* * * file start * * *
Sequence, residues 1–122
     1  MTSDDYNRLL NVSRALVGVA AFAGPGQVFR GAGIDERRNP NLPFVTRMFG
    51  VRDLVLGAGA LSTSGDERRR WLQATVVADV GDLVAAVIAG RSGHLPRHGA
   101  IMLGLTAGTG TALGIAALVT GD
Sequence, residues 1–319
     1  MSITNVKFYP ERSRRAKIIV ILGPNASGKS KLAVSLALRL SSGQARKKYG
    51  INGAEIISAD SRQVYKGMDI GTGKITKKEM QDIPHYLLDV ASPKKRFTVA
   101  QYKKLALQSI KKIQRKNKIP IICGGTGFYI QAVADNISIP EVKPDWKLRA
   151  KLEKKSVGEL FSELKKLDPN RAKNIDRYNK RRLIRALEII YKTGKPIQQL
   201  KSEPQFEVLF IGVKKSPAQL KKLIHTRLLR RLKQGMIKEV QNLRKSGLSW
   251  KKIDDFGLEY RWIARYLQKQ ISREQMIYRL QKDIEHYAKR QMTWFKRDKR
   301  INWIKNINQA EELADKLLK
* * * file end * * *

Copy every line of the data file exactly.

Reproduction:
Sequence, residues 1–122
     1  MTSDDYNRLL NVSRALVGVA AFAGPGQVFR GAGIDERRNP NLPFVTRMFG
    51  VRDLVLGAGA LSTSGDERRR WLQATVVADV GDLVAAVIAG RSGHLPRHGA
   101  IMLGLTAGTG TALGIAALVT GD
Sequence, residues 1–319
     1  MSITNVKFYP ERSRRAKIIV ILGPNASGKS KLAVSLALRL SSGQARKKYG
    51  INGAEIISAD SRQVYKGMDI GTGKITKKEM QDIPHYLLDV ASPKKRFTVA
   101  QYKKLALQSI KKIQRKNKIP IICGGTGFYI QAVADNISIP EVKPDWKLRA
   151  KLEKKSVGEL FSELKKLDPN RAKNIDRYNK RRLIRALEII YKTGKPIQQL
   201  KSEPQFEVLF IGVKKSPAQL KKLIHTRLLR RLKQGMIKEV QNLRKSGLSW
   251  KKIDDFGLEY RWIARYLQKQ ISREQMIYRL QKDIEHYAKR QMTWFKRDKR
   301  INWIKNINQA EELADKLLK